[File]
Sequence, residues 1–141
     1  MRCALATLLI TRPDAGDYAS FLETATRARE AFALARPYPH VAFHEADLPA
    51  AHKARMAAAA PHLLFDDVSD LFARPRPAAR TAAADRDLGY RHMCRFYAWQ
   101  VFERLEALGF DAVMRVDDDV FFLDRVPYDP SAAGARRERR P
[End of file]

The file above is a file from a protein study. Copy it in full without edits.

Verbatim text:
Sequence, residues 1–141
     1  MRCALATLLI TRPDAGDYAS FLETATRARE AFALARPYPH VAFHEADLPA
    51  AHKARMAAAA PHLLFDDVSD LFARPRPAAR TAAADRDLGY RHMCRFYAWQ
   101  VFERLEALGF DAVMRVDDDV FFLDRVPYDP SAAGARRERR P